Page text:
Making space count for a fabricator

Tags: manufacturing

Moving into a spacious new facility is one thing. Putting all this added room to good use is another.

LDI Industries Inc. is a leading manufacturer of lubricating equipment and hydraulic components for both the OEM and MRO markets. The company specializes in fabricating hydraulic reservoirs, and the combination of these large components with its large volume of orders prompted LDI to recently move into a new 100,000-square-foot facility in Huntley, Ill. Yet despite this additional space, management knew they needed to be smart about how to use it.

“In our old facility,” said maintenance manager Bill Klus, “we sectioned off welding, cutting and grinding operations using weld screens, but we felt there was a better way to do this.”

If they had brought their old way of sectioning off floor space for each operator, the crew could spread out, but eventually the operation could be disorganized. The growth of the business and the new location meant that LDI could bring on more welders. But not properly coordinating the activities of this larger crew could be the onset of a management nightmare and waste the advantages of the new facility.

Shortly after moving in, Klus investigated ways to provide work cells for their fabrication employees, and came upon the idea of using curtain partitions, leading him to contact Goff’s Enterprises. After evaluating their needs at LDI, Goff’s – along with the assistance of its local dealer, West Side Industrial Supply – recommended sectioning off the production area into individual 400-square-foot work cells using weld curtains.

The cell set-up gives LDI management much better control over the workflow. Every step of the process and every worker have a designated area on the shop floor, as well as knowledge of where the part moves to in the next step in the process.

The welding curtains from Goff’s suspend from the ceiling on easy-to-position heavy-duty tracks, with the area ready to use in just hours.

“Both Goff and Westside gave us very useful advice on how to lay out the area,” said Klus.

The curtains are 22 feet high, enabling trapped welding gases to be removed through a system of blowers. Any sparks from grinding operations are kept in the cell area as well. The curtains drape slightly on the floor and have a chain-weighted bottom to prevent them from flapping open and leaving gaps at the floor from positive/negative pressures to effectively seal off the cell.

The curtains do the job of protecting employees as they stroll down the aisles formed between the work cells. Goff’s Weldview clear panels block harmful ultraviolet light and the harmful affects of weld flash. People passing by can see into the work cell, while light passes into the cell for better working conditions.

The clear curtain sections are attached to opaque top/bottom curtains made of 14-mil and 14-ounce vinyl. Both Weldview and top/bottom curtain panels are fire retardant. If the curtain is hit with weld splatter or suffer other damage, LDI can simply replace that curtain section.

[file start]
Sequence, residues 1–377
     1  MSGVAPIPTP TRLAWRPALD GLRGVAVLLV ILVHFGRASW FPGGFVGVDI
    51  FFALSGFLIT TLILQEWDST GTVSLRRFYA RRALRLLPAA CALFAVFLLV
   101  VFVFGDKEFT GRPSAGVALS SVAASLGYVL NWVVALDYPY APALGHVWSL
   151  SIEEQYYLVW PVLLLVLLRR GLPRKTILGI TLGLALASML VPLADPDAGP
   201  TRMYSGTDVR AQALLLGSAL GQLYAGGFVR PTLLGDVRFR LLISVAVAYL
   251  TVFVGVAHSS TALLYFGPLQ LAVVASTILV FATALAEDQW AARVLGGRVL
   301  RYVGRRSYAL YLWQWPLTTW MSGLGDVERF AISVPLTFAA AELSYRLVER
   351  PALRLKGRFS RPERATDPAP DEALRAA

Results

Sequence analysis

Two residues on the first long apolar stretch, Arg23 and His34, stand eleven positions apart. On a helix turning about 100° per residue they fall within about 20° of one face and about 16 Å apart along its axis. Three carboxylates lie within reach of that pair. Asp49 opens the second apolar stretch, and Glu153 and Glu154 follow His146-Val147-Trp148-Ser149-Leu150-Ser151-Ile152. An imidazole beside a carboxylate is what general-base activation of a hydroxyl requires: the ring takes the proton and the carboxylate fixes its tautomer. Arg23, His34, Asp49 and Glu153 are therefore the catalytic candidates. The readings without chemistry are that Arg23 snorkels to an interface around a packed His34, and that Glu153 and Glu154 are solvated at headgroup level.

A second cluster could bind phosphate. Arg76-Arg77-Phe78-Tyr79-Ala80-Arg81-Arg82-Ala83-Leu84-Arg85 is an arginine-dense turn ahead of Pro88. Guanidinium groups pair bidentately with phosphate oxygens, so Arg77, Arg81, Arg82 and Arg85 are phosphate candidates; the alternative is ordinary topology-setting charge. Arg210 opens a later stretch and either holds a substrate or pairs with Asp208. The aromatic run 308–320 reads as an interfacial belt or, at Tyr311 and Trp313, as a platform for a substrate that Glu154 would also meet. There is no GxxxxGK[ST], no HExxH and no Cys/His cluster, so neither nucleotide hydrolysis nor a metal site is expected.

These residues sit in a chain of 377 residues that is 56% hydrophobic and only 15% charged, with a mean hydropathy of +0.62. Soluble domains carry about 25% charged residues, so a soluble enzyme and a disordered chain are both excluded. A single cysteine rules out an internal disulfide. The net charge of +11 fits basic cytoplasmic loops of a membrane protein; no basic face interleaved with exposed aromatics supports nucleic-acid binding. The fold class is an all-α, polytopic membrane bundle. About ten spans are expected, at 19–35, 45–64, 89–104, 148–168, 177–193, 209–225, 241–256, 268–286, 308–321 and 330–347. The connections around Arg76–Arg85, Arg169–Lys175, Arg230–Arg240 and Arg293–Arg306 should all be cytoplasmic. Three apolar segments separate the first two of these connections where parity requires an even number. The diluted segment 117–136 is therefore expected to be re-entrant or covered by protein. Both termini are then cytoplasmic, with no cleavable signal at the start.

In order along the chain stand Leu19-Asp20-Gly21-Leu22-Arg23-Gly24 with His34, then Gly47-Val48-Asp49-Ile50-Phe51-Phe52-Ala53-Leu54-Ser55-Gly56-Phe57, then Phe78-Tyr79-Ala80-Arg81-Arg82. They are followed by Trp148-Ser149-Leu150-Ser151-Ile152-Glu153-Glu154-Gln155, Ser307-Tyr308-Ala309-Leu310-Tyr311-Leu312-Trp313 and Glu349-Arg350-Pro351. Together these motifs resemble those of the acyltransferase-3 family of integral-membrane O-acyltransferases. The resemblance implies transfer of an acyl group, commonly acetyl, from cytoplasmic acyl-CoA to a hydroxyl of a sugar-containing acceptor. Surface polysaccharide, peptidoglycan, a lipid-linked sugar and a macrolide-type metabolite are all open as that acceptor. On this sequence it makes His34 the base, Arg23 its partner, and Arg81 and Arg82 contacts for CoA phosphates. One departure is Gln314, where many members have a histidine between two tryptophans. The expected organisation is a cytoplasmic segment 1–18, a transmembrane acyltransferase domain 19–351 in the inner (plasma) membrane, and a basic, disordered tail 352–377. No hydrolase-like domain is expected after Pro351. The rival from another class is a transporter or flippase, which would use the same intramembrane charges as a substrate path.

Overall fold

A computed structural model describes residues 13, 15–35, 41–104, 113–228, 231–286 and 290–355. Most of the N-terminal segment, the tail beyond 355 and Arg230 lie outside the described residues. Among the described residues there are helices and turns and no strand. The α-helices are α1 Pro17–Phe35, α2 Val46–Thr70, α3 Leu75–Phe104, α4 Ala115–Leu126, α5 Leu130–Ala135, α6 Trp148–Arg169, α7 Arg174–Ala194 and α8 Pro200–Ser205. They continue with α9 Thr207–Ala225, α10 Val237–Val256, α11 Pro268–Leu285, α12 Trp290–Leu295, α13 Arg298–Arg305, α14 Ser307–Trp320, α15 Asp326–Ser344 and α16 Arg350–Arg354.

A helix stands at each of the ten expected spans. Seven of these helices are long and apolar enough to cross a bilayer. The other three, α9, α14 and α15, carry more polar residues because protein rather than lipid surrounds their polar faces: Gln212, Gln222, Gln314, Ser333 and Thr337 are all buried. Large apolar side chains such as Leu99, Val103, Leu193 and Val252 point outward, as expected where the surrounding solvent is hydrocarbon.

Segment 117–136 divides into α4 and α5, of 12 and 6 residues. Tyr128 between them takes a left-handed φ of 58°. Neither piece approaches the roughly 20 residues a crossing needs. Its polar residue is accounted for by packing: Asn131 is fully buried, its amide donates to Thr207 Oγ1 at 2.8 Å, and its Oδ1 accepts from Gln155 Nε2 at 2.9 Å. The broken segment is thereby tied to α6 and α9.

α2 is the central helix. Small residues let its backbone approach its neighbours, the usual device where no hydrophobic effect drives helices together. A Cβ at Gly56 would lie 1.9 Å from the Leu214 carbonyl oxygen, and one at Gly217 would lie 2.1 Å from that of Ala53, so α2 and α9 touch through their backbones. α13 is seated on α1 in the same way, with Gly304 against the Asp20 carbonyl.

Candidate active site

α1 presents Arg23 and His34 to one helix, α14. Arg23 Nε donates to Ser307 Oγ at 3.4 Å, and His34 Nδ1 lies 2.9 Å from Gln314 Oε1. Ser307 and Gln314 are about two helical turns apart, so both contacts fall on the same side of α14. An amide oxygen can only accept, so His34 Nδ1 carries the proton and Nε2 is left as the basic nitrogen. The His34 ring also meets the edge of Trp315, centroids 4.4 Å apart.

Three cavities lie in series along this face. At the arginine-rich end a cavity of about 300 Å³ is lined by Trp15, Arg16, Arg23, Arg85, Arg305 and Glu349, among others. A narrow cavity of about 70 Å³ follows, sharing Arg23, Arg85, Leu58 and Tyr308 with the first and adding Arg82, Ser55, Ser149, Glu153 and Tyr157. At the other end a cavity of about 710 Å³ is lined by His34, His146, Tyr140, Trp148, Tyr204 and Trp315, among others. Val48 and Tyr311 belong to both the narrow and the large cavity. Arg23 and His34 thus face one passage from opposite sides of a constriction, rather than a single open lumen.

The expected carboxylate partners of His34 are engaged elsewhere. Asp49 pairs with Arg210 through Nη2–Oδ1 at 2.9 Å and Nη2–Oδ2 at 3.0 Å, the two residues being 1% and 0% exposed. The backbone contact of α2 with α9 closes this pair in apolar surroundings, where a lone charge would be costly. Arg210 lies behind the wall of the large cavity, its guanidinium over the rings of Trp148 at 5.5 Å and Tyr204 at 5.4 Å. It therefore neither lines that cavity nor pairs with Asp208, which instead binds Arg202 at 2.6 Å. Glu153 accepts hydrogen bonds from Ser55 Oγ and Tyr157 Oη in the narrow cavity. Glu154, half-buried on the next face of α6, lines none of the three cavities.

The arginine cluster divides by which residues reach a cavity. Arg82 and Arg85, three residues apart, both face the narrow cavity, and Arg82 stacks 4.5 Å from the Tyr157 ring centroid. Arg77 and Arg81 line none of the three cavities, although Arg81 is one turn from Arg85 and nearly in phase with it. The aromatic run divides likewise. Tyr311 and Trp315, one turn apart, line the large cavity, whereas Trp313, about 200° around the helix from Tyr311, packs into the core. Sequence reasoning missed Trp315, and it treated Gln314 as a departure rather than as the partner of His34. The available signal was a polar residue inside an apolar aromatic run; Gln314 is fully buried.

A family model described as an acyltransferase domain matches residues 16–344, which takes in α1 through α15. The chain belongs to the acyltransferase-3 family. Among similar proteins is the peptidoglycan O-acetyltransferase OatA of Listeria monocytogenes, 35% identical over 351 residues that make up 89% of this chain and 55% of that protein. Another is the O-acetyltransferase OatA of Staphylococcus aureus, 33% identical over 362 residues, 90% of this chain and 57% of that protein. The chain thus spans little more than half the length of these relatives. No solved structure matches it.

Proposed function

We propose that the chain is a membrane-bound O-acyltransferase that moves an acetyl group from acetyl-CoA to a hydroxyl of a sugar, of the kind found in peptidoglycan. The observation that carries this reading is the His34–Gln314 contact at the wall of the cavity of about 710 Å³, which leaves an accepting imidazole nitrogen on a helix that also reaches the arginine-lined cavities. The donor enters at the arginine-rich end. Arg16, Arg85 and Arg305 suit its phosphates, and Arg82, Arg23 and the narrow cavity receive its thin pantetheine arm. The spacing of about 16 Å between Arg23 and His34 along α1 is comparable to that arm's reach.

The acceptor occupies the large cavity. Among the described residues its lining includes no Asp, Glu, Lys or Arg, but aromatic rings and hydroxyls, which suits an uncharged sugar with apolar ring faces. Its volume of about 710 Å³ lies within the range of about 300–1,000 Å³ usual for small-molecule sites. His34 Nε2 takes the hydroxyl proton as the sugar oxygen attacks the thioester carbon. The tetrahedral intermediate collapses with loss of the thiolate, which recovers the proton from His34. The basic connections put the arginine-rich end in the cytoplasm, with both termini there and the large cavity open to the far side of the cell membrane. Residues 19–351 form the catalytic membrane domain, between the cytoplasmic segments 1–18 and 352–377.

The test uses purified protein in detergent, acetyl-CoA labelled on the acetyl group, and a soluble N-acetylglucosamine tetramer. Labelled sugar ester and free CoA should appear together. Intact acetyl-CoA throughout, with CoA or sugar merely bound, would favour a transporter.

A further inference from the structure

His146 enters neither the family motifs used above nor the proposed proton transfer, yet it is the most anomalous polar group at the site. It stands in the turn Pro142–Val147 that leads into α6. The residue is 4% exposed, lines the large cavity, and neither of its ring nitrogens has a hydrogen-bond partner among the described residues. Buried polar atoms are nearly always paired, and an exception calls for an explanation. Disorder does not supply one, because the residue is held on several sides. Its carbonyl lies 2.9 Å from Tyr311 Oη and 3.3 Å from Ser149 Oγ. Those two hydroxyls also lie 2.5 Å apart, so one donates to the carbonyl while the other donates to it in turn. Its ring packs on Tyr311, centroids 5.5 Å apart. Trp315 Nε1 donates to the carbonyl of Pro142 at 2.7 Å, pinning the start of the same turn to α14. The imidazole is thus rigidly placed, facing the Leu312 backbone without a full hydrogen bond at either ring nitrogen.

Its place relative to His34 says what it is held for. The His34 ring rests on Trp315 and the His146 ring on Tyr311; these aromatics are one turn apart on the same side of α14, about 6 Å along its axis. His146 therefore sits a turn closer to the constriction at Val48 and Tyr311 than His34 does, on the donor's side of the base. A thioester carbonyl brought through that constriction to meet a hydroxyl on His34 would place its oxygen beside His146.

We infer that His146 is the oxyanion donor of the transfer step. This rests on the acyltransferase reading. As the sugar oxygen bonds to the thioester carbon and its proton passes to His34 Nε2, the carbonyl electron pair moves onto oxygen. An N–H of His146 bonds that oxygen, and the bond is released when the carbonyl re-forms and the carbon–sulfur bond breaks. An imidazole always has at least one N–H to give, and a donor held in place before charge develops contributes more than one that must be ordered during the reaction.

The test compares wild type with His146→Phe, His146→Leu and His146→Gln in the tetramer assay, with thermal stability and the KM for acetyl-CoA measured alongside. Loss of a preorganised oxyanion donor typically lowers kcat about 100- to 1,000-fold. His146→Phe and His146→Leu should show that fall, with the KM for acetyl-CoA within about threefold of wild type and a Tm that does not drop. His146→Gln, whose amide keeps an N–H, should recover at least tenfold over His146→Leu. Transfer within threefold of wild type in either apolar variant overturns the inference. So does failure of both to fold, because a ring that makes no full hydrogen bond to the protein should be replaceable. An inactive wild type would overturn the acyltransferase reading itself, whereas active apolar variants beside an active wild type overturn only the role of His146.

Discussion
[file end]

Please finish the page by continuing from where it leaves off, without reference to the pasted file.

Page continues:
“From our standpoint,” said Klus, “it’s the ease with which our employees and the work can pass in and out of the work cells is important to a productive environment.”

The curtains have toothed brass grommets placed one foot on center along the top for attachment to rollers on the 16-gauge galvanized steel track system. At floor level, the curtains attach to one another with two-inch industrial Velcro fasters. To enter the area, an operator simply spreads the curtains.

The welding curtains give LDI a high level of flexibility. While the 400-square-foot cell space accommodates most of LDI’s projects, they have the option of making an opening into an adjacent cell to handle larger parts.

The fabricating area is adjacent to the storage racks. The proximity to the raw materials and the ease of access into the weld cells also maximizes productivity for LDI.

Installing individual rooms in the fabricating area was probably the farthest thing on the minds of the management at LDI. Nevertheless, the welding curtains give this company all the advantages of walls to segregate their work cells, with greater flexibility, lower cost and total access into these areas.

To learn more about welding curtains, visit or call 800-234-0337.

Photo 1. The floor space between the cells formed by the Goff’s curtain walls provides easy access as the work flows through the process.

Photo 2. Rather than a facility with solid walls, the vinyl petitions slide open so personnel and material handing vehicles and quickly enter and leave the individual welding cells.

Photo 3. Suspended overhead, the curtain walls are attached to rollers that glide along a 16-gauge steel hardware track.


Photo 4. An overhead view shows some of the 20 welding cells formed by the curtain walls.

Photo 5. An overhead view of work happening in one of the welding cells.

Photo 6. Storage cells are placed near the welding cells.

Photo 7. A floor view of welding talking place in one of the welding cells.

Photo 8. Velcro strips attach the curtain wall sections and allow for easy access.

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